Seniors and Networking: Making the Most of Connections

Seniors and Networking: Making the Most of Connections
Care Master | Independent Living
7 Min

Seniors and Networking: Making the Most of Connections

Seniors and Networking: Making the Most of Connections

As a senior, the idea of starting a business may seem overwhelming and a little scary, especially if you’d never considered this prospect before. However, many older adults are enjoying what some call an “encore career,” something they accomplish after retiring. This includes starting a business, an endeavor that requires a lot of hard work and dedication. In addition to setting up and running your business, you need to market yourself and connect with others in your community. In other words, you need to network.

Networking may sound like a task for upper management and executives, but it is equally as important on a smaller scale for seniors who wish to start a business or a non-profit. Networking simply means making the most of one’s connections and creating new ones to move your venture forward. Seniors who are interested in making connections, whether for business or volunteer purposes, can find networking opportunities in a variety of ways. Here’s some guidance — courtesy of Senior.One.

Finding Your People

Seniors who wish to network sometimes essentially need to find their people: comrades in the community and industry (and beyond, when working online) who are passionate about the same topics and have mutual interests. If one is interested in starting a business tutoring children and adults in reading or math, for example, it would be important to reach out to adult education programs and school systems to notify administrators and teachers of this availability.

It’s a good idea to use the network connections you have built up if you are searching for a new job. Changing employers later in life can be intimidating, especially if you haven’t updated your resume in a while. Fortunately, there are tools available that make the process easier than ever. You can get started with a resume builder online to help you out. Simply enter your current information, then you can customize your new resume’s look with text, color, and layout.

Seniors who want to volunteer tutoring services could follow the same procedure. Letting the primary stakeholders and referral-makers know of your interest, skill, and availability is a necessary first step.

For seniors interested in starting an online business, their network may be far-reaching. Establish an online presence. Consider creating your own business Facebook page and hiring a professional to build a website. On your website and Facebook page, create content that is relevant to your business: articles, factoids, and photos of your work are all great ways to introduce yourself to others.

If you have a specialized, niche business, consider checking out other companies who offer complementary goods or services—this may result in joint projects that could benefit both of you. Before you advance too far into the process, though, think about your structure and how your business is classified as this can impact many aspects of your operations.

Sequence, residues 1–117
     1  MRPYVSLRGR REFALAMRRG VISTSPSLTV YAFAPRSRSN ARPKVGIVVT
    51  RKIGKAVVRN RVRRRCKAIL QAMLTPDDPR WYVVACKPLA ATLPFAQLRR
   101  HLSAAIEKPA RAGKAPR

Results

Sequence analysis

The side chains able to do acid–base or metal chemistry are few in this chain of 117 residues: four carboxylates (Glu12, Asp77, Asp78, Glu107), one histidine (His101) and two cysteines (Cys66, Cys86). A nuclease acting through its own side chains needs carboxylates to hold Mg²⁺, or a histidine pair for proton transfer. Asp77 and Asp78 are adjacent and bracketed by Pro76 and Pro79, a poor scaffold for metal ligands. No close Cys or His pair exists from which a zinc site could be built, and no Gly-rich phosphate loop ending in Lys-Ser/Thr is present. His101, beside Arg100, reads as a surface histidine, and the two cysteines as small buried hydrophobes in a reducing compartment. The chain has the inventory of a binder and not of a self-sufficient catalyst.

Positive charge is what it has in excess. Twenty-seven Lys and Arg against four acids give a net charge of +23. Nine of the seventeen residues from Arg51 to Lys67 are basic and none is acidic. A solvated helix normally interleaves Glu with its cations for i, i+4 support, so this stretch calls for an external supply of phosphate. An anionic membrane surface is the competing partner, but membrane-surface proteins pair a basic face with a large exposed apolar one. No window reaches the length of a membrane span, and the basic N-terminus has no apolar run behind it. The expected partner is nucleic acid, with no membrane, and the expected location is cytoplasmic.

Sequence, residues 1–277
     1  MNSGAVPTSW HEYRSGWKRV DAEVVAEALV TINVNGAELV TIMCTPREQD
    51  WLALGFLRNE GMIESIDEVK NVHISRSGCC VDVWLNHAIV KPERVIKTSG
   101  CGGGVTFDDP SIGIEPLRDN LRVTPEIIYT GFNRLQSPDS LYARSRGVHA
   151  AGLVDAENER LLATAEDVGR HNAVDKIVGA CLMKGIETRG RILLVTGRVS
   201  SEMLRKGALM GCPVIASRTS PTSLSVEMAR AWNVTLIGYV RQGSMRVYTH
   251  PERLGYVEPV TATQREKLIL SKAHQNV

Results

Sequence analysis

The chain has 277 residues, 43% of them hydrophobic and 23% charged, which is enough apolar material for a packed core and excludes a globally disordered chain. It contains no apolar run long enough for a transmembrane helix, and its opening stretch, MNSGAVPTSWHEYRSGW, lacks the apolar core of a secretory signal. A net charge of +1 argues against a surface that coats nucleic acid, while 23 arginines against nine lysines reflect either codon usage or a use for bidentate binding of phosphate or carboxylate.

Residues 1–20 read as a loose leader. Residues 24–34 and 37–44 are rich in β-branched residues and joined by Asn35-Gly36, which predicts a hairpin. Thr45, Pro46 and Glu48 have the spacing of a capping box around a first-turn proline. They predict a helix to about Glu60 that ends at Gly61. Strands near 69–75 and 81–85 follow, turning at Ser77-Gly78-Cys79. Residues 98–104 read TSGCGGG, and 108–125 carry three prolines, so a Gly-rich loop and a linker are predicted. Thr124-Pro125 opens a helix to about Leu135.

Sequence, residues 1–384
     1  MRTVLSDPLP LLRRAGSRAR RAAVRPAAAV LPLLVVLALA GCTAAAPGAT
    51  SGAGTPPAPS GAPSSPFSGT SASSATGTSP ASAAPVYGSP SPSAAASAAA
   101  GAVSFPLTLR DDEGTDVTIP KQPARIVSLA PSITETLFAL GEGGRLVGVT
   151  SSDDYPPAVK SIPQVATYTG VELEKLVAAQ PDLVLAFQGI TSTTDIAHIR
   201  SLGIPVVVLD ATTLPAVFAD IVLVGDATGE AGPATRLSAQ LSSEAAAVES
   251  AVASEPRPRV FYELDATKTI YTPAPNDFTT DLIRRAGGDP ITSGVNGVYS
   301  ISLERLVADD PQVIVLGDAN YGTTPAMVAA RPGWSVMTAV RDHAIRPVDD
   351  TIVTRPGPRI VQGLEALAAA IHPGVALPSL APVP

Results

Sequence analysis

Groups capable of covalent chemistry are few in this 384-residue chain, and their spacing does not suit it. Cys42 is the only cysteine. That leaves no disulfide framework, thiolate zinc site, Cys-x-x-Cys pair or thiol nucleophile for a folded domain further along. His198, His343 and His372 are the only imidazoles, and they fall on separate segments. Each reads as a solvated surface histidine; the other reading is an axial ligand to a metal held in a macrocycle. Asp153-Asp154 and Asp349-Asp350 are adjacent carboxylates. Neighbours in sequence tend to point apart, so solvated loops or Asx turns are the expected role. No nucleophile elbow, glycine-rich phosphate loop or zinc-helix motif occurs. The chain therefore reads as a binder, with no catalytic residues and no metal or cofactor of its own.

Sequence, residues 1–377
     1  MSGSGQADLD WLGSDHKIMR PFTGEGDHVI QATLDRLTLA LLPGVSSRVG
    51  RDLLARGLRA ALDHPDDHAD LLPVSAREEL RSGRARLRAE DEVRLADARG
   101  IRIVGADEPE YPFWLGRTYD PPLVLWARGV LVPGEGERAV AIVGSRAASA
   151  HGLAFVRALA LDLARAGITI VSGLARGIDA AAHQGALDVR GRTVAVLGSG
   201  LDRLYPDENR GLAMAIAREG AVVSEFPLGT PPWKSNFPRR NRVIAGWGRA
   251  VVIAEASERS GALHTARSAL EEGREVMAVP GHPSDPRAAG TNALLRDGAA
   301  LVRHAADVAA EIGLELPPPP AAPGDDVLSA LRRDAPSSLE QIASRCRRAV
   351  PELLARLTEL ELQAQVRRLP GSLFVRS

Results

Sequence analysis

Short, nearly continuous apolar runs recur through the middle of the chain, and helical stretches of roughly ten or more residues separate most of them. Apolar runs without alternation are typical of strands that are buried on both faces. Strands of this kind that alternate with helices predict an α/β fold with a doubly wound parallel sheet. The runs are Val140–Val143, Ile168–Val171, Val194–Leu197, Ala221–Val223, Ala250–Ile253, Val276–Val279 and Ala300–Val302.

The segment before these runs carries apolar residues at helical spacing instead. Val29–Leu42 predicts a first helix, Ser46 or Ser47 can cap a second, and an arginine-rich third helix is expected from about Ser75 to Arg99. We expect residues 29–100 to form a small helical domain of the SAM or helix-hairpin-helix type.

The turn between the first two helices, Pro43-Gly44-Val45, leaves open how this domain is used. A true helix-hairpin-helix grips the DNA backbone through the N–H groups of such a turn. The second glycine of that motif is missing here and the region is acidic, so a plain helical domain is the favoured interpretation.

Things to Consider

There are some important things to explore as you start your business. One of the most important is the way you legally structure the company. Businesses can opt to file as a Limited Liability Company (LLC), which offers protection for personal assets and grants tax advantages. A senior who opts to start an LLC, for example, will find that the simplicity of paperwork and flexibility of this format is a wise choice.

If you’ve never started a business before, it can be difficult to know where to start. If you’re unsure about where to begin, use this guide to help you learn how to set up a new company. It will walk you through the broad strokes of decisions you’ll need to make in order to launch a successful venture.

Seniors exploring a business startup also need to consider funding options. There are many ways to fund a business, but some are riskier than others. Using retirement funds for a startup is one way to go, but for those with limited income, this may feel too risky to consider. There are grant funds for seniors to start a business, as well as crowdfunding options and small business loans. Seniors can also work with other like-minded people and start a collaborative or a non-profit, and access donations from area companies. 

Follow Your Passion

Seniors spend their lives working hard. When starting a business or volunteering time in retirement, it should be meaningful and rewarding. When one spends their energy and talents on a meaningful cause, it self-perpetuates. Working feels less tedious when the process and result bring joy and a sense of purpose.

If you are just getting started in a business venture or have considered following a passion to start one, think about doing something you will never get tired of doing. Network with people who have similar interests, and you can feed off one another’s excitement to create something terrific and mutually beneficial. Collaboration is the key to successful networking, and it all starts with you.

At Senior.One, our mission is to empower seniors and their caregivers by facilitating direct connections to senior living communities and senior focused services. We provide customers with a better understanding of all available options while allowing the freedom to navigate the next best step for themselves or their aging loved one.